Not surprisingly, the distribution of days of stay differed within and between NICU types. Short stays of 1 to 3 days also varied by NICU type, occurring more frequently when infants’ mothers had chorioamnionitis. Use of a sepsis risk calculator to divide newborns into observation, evaluation, and treat strata32 and the clinical monitoring of well-appearing late-preterm and term infants exposed to chorioamnionitis33 may help reduce unnecessary admissions for rule-out sepsis. Financial incentives may account for some of the observed variation in length of stay.34 As hospitals focus on the value of health care, examining admission practices for early-term, term, and postterm infants and common characteristics shared by short-stay infants could alleviate some length of stay burden as well as improve the birth hospitalization experience for infants and their families.

From 2014 to 2016, infants stayed nearly 10 million days during the initial hospitalization. Using a rough estimate of $3000 per day,35 these NICU admissions cost over$28.9 billion, or over $9.6 billion per year. On the basis of the number of births and an average NICU admission rate of 10%, we estimate that our sample represents ∼40% of NICU admissions in the United States. Under these assumptions, the approximate annual cost for the initial days of hospitalization for NICU stays in the United States may be around$24 billion. This figure represents an increase from the \$16.9 billion in medical care estimated in 200536 and deserves more rigorous study.

This cohort of centers comprises a convenience sample that is not population based. Results from this sample may not be generalizable to all US NICUs.

This study cannot be used to explain why infants are admitted to NICU care. We do not know the proportion of births at each hospital that are admitted to a NICU. We have no information on center-level protocols for NICU admission or bed supply.24,25 Information on regional distribution of perinatal care and state policies governing perinatal care would not be appropriately used on our convenience sample. Further research to identify the cases of variation is needed.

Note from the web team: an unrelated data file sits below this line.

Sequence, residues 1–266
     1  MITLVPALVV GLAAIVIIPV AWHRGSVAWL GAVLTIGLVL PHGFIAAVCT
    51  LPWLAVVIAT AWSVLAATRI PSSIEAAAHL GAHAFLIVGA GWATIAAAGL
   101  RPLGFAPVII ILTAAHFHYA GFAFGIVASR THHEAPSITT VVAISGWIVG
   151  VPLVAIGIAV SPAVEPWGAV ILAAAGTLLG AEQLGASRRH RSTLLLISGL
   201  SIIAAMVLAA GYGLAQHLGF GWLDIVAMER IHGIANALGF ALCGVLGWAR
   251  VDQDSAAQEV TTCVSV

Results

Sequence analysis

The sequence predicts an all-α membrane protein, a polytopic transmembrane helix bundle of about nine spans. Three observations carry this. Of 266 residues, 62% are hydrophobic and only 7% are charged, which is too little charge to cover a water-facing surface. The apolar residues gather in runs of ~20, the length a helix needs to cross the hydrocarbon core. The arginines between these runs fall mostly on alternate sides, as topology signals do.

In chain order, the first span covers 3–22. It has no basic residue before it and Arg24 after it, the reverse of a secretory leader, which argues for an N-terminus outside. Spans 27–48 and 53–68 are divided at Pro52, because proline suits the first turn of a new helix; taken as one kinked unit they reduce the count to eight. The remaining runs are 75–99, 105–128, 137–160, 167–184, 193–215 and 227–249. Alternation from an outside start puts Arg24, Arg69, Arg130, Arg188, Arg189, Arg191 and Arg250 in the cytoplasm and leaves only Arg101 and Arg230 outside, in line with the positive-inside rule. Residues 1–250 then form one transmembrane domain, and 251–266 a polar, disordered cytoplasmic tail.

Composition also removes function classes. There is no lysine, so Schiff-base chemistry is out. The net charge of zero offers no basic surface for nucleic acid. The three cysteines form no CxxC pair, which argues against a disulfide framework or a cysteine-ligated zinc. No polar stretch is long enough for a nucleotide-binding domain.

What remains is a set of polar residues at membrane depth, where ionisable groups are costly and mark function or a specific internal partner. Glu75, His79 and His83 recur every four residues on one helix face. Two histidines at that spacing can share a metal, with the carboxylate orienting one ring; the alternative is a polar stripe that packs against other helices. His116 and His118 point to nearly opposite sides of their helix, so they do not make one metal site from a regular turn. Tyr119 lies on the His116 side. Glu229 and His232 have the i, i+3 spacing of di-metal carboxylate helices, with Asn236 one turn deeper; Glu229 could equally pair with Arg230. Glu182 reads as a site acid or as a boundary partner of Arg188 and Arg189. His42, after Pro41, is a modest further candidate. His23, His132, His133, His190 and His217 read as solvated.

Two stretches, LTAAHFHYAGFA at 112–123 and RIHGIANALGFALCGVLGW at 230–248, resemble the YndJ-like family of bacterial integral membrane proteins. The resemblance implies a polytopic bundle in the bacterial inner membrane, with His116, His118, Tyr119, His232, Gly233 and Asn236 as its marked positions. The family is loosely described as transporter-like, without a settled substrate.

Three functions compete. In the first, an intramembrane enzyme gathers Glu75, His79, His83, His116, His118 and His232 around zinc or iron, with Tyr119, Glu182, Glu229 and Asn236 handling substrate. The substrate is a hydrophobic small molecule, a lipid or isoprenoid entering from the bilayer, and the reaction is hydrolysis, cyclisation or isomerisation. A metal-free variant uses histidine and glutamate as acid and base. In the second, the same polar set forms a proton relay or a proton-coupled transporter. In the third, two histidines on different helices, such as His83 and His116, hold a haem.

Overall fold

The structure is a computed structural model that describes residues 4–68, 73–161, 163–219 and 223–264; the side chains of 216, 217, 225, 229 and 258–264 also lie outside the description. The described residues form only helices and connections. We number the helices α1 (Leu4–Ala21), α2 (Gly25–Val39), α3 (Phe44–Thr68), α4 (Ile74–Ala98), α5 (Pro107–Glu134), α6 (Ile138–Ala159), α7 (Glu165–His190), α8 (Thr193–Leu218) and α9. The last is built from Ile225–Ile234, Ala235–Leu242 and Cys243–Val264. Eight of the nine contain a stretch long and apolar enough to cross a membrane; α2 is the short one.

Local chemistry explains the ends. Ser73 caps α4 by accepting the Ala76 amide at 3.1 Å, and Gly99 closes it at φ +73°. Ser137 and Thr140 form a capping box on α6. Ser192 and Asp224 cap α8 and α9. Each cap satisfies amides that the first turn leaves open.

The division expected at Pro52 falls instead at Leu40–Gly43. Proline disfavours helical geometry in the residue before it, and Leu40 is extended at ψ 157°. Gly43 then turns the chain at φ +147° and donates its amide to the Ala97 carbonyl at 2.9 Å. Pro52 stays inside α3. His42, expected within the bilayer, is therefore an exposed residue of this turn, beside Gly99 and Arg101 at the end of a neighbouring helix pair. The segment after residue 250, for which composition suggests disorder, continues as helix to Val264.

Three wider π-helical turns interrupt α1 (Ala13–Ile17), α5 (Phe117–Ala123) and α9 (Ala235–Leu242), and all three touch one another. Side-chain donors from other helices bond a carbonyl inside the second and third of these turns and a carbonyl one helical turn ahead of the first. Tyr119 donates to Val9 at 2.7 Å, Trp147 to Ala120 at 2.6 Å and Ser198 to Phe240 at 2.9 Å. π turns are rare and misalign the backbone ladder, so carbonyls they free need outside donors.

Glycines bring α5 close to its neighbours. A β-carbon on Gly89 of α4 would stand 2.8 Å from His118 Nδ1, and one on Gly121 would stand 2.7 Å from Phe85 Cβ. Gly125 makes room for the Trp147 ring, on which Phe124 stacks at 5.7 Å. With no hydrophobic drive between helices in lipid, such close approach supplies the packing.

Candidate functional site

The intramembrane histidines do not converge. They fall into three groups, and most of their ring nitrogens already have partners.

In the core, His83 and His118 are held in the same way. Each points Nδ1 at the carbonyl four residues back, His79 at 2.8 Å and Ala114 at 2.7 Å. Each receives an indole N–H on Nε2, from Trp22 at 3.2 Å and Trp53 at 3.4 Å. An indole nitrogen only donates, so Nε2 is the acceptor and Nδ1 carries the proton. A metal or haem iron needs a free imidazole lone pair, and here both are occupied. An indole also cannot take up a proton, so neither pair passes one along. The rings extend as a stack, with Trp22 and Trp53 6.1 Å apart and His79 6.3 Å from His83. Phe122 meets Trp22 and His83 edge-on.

Our NICU types differ from the current types proposed by the American Academy of Pediatrics.15 NICUs with ventilation restrictions are most like level II in the current guidelines, whereas NICUs that do not perform surgery or perform surgery except cardiac surgery requiring bypass are most like level III, and NICUs that perform all surgery are most like level IV. The American Academy of Pediatrics is developing a certification program based on its current classification.37 This process may help address the variation in NICU services and use.

Variation in the proportion of admissions by gestational age and use between and within NICU types suggests that a campaign for using the NICU wisely and addressing the appropriate use of ICUs for newborn infants is required. These standards must address local context and the needs of families.

• VON

Vermont Oxford Network

Dr Edwards conceptualized and designed the study, conducted the data analyses, and drafted the initial manuscript; Dr Horbar conceptualized and designed the study; and both authors reviewed and revised the manuscript and approved the final manuscript as submitted.

FUNDING: Supported by Vermont Oxford Network.

We thank our medical and nursing colleagues who submit data to VON on behalf of infants and their parents. Participating centers are listed in Supplemental Table 2.